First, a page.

When the High Priest goes before G-d to atone for his nation, it is not appropriate to go dressed in gold.  He goes humbly, in simple white clothes.  The white is symbolic of purity from sin.

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Not surprisingly, the above verses from this week’s Torah Portion are read on Yom Kippur.  There is also another time when these verses are recited.  They are read by the members of the Chevra Kaddisha.

Every person is buried the same way.  Rich or poor, king or commoner, we are all equal before G-d.  Jewish Custom requires that every Jew be buried in the same simple white shroud.

The Chevra Kadisha, (“Sacred Society”) respectfully washes the body of the deceased.  Then as he/she is dressed, the corresponding verses are recited.  The tunic is placed upon the body: “… he should put on a sacred linen tunic…” They dress him in the pants: “he should have linen pants…” They put on the belt: “… a linen belt… They cover his head:  “…and cover his head with a linen turban…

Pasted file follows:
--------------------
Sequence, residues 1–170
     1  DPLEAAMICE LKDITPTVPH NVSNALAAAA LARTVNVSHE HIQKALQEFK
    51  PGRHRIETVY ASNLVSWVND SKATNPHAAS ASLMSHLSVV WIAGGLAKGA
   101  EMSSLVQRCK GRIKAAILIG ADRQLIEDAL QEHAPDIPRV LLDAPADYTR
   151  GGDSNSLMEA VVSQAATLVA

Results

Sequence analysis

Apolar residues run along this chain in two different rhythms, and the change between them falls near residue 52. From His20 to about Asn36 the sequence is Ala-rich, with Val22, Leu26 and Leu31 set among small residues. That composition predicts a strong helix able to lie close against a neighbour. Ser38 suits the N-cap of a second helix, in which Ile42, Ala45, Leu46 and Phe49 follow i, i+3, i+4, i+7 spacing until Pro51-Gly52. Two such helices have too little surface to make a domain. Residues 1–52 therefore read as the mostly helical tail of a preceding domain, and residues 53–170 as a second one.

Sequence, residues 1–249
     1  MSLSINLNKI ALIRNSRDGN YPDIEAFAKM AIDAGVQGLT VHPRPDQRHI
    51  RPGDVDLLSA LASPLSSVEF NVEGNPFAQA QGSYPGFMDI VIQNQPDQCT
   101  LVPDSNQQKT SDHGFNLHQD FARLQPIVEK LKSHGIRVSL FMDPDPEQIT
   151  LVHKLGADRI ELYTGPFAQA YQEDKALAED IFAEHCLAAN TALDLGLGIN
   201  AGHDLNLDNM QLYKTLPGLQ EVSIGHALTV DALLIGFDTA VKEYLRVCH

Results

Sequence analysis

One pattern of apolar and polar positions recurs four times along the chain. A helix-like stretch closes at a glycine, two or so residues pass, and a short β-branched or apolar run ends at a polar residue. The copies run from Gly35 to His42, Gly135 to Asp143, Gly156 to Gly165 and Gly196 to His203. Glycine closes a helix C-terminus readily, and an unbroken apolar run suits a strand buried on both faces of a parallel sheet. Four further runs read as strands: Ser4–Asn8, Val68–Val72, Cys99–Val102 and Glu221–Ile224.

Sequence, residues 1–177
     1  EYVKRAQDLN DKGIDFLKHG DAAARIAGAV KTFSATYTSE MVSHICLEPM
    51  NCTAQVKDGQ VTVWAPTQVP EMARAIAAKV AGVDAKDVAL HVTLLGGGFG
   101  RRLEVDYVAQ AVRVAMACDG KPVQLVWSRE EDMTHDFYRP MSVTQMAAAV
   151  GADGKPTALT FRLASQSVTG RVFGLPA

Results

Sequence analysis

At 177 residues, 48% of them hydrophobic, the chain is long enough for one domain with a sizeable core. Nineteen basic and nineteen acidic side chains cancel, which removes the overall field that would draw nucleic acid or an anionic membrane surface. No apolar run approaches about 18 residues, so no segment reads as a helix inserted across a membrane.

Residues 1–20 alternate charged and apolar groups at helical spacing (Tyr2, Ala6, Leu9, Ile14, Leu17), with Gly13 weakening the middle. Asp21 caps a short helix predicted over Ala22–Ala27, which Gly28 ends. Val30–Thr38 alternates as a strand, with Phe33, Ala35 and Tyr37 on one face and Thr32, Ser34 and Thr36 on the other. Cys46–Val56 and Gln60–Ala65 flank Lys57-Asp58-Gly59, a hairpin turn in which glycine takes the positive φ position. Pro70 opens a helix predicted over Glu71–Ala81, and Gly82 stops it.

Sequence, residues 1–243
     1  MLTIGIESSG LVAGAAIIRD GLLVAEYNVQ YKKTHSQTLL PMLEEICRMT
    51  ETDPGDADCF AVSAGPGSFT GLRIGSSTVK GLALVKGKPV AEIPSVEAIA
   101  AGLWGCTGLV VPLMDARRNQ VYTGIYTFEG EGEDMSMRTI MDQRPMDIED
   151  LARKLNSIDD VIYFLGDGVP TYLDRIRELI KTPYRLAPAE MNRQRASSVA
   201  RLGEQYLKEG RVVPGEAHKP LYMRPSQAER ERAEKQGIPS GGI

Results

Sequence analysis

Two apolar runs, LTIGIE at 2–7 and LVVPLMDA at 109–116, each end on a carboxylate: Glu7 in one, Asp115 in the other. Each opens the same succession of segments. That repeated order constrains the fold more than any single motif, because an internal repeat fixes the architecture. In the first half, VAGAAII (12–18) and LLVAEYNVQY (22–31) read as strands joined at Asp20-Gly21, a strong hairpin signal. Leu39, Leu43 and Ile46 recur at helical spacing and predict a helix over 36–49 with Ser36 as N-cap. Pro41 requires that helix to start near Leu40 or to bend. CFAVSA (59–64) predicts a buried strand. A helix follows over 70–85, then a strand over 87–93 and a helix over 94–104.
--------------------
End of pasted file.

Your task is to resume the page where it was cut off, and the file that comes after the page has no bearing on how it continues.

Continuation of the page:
Isn’t it a bit disrespectful to compare a dead person to the High Priest?  The High Priest was a holy man, designated by his nation to stand before G-d and plead for the nation’s welfare.  The Kohain was the antithesis of death.  He stood for life; he prayed for life.  He wasn’t even allowed to enter a cemetery or have contact with the dead.  And especially the High Priest; other priests were allowed to defile themselves for the funerals of close relatives.  The High Priest couldn’t even do that.  (When Aaron’s two sons were killed, relatives handled the funeral arrangements.  Aaron and his two remaining sons did not attend.)

I believe that the answer is that every person is, in a sense, a Kohain in his own right.  “You will be to Me a kingdom of Priests and a holy nation…” (Exodus, 19:6)